I grew up with these bewildering facts:
- My mother's favorite book was: Gone with the Wind .
- My mother's favorite movie was: Gone with the Wind.
- My grandmother's favorite book was: Gone with the Wind.
- My grandmother's favorite movie was: Gone with the Wind.
I loved the movie but didn't read the book till I was 15, when I really was an Anais Nin and D. H. Lawrence person. Recently I decided to reread it because I want to understand the appeal and figure out whether women read it anymore. And guess what? GWTW, Margaret Mitchell's only novel, published in 1936 and the Pulitzer winner in 1937, is a delight. It's the kind of American pop classic that ought to be reissued by Virago, along with Valley of the Dolls and Peyton Place. Except it doesn't need to be reissued because it's still in print.
The novel is basically a Southern plantation rehash of Thackeray's Vanity Fair . Scarlett is Becky Sharp and Melly is Amelia. Scarlett's a flirt and bad to the bone, but she's brilliant and doesn't adhere to the feminine restrictions, but goes into business during the Civil War when all the men are gone. Melly is gentle and intelligent, a do-gooder out of Little Women, who always mistakes Scarlett's attempts to steal Ashley for friendship. As for Rhett, he's can see the good in others, particularly the superiority of Melly, and is appalled when he finds out what Scarlett is really like.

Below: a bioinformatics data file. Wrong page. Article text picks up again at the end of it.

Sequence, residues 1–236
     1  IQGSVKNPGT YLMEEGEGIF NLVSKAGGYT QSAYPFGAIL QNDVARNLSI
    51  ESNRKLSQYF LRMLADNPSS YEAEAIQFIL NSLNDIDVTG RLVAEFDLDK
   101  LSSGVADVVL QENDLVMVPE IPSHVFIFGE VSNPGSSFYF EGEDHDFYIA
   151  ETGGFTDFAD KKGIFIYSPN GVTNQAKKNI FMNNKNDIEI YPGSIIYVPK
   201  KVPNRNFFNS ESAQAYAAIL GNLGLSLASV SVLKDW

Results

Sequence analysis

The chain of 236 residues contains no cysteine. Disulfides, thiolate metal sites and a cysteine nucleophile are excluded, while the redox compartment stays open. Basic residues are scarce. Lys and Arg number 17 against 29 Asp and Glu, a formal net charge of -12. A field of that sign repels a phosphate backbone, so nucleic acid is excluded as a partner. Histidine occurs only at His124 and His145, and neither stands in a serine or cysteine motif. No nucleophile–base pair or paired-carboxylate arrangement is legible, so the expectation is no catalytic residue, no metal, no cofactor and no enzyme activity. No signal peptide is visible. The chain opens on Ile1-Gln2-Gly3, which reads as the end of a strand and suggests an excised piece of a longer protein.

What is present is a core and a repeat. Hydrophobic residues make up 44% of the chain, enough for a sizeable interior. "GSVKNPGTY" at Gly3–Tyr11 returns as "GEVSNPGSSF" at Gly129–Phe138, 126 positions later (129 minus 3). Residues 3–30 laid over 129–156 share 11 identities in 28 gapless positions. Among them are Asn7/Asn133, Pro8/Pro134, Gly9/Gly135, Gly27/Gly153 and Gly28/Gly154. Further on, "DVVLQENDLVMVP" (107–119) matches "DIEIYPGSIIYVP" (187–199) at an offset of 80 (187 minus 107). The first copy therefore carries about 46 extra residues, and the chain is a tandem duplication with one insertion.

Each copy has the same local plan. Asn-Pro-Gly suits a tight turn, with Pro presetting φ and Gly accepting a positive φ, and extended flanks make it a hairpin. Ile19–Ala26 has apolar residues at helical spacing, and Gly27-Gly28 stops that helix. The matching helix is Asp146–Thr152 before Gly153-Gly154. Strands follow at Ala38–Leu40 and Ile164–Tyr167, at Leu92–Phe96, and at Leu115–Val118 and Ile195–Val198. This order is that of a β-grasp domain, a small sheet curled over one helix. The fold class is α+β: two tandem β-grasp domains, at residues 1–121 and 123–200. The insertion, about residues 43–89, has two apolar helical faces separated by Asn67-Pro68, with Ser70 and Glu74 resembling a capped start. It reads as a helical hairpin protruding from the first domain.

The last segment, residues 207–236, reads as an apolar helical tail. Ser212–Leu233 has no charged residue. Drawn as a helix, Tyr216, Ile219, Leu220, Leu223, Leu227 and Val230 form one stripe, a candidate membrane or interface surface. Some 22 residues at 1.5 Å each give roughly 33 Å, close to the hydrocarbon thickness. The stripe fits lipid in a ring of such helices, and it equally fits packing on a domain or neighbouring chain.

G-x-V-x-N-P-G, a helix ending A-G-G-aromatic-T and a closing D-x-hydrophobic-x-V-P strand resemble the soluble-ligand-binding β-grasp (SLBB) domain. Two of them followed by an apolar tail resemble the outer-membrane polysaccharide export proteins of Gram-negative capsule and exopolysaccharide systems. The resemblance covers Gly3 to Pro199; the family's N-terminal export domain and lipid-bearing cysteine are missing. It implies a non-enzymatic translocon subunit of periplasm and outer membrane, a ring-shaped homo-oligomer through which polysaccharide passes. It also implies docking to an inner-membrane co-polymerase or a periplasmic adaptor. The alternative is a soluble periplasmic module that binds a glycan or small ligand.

The novel is well-written--not a classic--but great fun and absorbing.
Are women reading it anymore?
The problem, I'm sure, is the Confederate attitude toward African-Americans. The slaves are called "darkies," though many are characterized as smarter than their masters and are much respected. Several of the families, including Scarlett's, feel a strong affection for their slaves. Mammy is loyal, smart, and very much in charge of Scarlett. Jeems, the Tarleton twins' slave, is much brighter than they and can answer their questions about the moods of Scarlett: they are simply too dull to understand.
It's a historical novel, written in 1936, and words like "nigger" are used as they wouldn't be today in literature. But it is set in the South during the Civil War, and there is much that is good in this novel.